The Dry Salvages (novella)
The Dry Salvages is a futuristic science fiction story of novella length by Caitlín R. Kiernan, published in 2004 as a stand-alone hardback volume by Subterranean Press. The story consists of two parallel narratives, one set in the novella's present-day (early 24th-Century Paris) and the other in the novel's past (the 23rd Century). Told as a first-person narrative, the story is being written down with three antique ballpoint pens by Audrey Cather, an exopaleontologist and the lone survivor of an ill-fated mission to an extrasolar planet, Cecrops, a gas giant orbiting the low-mass red dwarf star Gliese 876. The Montelius mission included two other human astronauts, Peter Connor (also a paleontologist) and Joakim Hamilton (a biologist), and one parahuman astronaut, Umachandra Murdin (a computer scientist), along with a number of androids. Its object was to investigate evidence of an extraterrestrial civilization which had long ago mined Piros, a moon of Cecrops. A blend of dystopian sf, Lovecraftian horror, and cyberpunk, along with elements of space opera, the novella paints a grim view of the future and of interstellar travel and alien contact. Earth has been ravaged by war, pollution, and violent climatic changes, and the menacing intelligence the crew of the Montelius (and its predecessor, the Gilgamesh) discover on Piros leads to a government cover-up. The author uses Audrey Cather's three reconditioned ballpoint pens as a literary device, dividing the story into three sections, "The First Pen," "The Second Pen," and "The Third (and Final) Pen." The Dry Salvages provides an example of an unreliable narrator, as Audrey Cather continually makes mistakes and contradicts herself regarding events aboard the Montelius.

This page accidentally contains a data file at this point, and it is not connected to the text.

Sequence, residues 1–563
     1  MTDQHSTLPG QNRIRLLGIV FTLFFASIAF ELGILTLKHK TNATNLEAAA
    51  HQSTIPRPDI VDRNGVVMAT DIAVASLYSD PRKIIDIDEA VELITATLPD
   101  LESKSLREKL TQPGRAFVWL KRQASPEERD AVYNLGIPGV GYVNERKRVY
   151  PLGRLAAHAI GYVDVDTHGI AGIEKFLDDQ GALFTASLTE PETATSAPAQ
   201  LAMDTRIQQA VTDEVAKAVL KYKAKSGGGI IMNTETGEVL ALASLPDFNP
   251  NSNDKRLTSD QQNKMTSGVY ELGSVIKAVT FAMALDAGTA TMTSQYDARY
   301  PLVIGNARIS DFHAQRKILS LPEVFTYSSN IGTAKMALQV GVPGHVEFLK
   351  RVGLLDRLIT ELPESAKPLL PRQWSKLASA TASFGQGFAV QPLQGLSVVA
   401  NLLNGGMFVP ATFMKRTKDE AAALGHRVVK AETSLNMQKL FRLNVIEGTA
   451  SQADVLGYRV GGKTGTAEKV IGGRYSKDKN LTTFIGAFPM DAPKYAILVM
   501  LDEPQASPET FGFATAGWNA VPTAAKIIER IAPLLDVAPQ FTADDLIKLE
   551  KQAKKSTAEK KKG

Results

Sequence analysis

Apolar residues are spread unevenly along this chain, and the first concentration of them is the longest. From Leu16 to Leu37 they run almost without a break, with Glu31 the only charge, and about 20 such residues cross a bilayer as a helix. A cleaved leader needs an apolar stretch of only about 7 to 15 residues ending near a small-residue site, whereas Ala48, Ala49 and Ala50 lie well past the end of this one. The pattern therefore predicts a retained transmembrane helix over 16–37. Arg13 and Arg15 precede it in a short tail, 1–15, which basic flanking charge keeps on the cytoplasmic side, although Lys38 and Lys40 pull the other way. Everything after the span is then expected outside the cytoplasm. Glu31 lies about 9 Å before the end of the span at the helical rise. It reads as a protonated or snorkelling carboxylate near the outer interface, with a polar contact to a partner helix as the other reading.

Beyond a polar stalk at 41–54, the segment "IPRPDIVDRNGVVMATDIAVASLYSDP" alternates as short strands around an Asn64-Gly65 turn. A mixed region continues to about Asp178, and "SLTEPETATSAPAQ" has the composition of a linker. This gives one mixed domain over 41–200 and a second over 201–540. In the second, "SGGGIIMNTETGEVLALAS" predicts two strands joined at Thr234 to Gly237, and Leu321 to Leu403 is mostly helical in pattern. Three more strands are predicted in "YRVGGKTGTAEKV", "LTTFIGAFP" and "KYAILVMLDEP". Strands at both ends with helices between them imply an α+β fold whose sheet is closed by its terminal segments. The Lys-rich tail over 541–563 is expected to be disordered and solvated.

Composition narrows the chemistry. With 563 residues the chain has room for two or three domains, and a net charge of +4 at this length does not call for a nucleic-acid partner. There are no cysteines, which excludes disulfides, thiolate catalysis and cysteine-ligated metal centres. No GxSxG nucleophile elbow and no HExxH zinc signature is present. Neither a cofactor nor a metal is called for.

In part, the The Dry Salvages is concerned with the discovery of extraterrestrial fossils. In the story, Kiernan names a number of these discoveries:
- Piros piros ("europmolluscans," from Europa (moon))
- Deinopharyngos (from Piros, an armored predaory invertebrate, >7.6 meters long)
- Pseudotrilobitamorpha (from Piros, blind, trilobite-like creatures)
- Osmolskia ceratognathus (from Piros, a huge sea slug-like creature)
In the novella, we are told that life on Piros predated terran biospheres by almost a billion years and that marine life flourished on Piros until a time coequal to Earth's Silurian Period. Chordates never evolved there, despite five billion years of evolution, and the Pirosan biosphere collapsed when its seas abruptly dried up in less than a hundred thousand years. No evidence of land-dwelling organisms is discovered. We are told that the crew of the Gilgamesh collected fossils representing a minimum of 20,000 species.